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McCaughrean, Geraldine. Not the end of the world.

McCAUGHREAN, Geraldine. Not the end of the world. HarperTempest. 244p. c2004. 0-06076032-X. $6.99. JS*

To quote the review of the hardcover in KLIATT, July 2005: When I read the story of Noah's ark to my son when he was little, his first question was: why did God destroy so many animals; were they bad too? This kind of skepticism is at the heart of McCaughrean's treatment of the famous story of the ark, the flood, the destruction of all living things (except those in the ark) because God was disgusted with creation and wanted to start over. She has made Noah a religious fanatic, convinced of his righteousness, with the two older sons, Ham and Shem, caught up in their own madness. The third son quietly takes over the care of the animals in the ark, nurturing them. The heroine of the tale is Noah's daughter Timna, who loves her father and wants him to be right, but in her heart she doubts everything. As the family sails mercilessly past the dead and dying people caught in the flood, Timna finds a chance to save a boy and his baby sister, and she hides them with the animals. She just can't believe it's righteous to ignore people in need.

The details of the care of the animals, the cold and damp conditions, the claustrophobia, are described with McCaughrean's great skill. She develops the adult characters with the same care as the adolescents in the story (as she did in The Kite Rider). She has won awards for The Kite Rider and this story is equally marvelous. Religious fundamentalists who want to believe the story of Noah's ark as it is written in the Bible will squirm at McCaughrean's treatment; but the questions raised, as Timna struggles to understand the disaster happening all around her, trying to reconcile it with her saintly father's certainty that he knows the will of God, are valid questions, which only reflect her intelligence and righteousness. Living as we do these days in a world awash with zealots who are convinced (like Noah) that God wills the destruction of those judged ungodly, this story takes on a whole level of meaning relevant to our times. Claire Rosser, KLIATT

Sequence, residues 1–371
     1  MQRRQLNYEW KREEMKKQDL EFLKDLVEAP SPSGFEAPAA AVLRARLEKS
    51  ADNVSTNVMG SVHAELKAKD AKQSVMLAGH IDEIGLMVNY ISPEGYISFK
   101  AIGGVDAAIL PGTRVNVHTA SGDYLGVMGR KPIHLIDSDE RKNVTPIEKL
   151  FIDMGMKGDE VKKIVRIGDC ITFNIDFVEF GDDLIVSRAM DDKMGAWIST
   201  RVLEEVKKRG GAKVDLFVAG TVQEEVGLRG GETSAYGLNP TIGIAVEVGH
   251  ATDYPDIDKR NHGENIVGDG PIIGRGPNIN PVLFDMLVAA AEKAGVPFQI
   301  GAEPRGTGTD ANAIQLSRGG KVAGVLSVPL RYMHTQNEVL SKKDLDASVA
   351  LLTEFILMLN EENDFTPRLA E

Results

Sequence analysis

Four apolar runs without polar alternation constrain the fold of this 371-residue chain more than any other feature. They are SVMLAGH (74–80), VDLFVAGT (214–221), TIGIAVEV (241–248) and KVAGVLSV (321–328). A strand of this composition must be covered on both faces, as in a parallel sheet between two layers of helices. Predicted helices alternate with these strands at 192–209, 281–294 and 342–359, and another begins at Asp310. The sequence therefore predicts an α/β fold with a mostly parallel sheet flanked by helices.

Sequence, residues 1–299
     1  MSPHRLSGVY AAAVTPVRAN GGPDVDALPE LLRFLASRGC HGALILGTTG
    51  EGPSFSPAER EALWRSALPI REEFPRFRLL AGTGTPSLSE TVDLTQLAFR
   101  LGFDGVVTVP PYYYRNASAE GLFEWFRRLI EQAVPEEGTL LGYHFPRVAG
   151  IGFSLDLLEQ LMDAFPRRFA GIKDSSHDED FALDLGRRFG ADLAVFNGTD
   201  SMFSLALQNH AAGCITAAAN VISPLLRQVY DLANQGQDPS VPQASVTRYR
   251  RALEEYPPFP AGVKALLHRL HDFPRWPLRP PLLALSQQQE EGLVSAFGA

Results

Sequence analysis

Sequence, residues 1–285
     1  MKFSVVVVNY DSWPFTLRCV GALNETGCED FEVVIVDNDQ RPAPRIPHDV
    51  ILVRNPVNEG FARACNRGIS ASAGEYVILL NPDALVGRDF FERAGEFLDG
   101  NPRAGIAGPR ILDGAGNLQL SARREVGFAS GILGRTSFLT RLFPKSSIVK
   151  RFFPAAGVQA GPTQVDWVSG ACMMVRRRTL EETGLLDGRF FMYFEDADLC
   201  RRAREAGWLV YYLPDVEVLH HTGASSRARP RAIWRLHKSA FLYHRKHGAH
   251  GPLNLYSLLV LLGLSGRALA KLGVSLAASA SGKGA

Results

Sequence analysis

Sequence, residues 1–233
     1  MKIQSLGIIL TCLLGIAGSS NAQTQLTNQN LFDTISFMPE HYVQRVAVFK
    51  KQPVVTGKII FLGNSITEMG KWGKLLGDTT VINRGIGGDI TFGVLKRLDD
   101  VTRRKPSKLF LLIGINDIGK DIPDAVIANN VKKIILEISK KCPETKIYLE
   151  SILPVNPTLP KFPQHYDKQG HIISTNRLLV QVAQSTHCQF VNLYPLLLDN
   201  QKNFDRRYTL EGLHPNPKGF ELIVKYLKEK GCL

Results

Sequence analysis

J--Recommended for junior high school students. The contents are of particular interest to young adolescents and their teachers.

S--Recommended for senior high school students.

*--The asterisk highlights exceptional books.
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Author:Rosser, Claire
Article Type:Book review
Date:Sep 1, 2006
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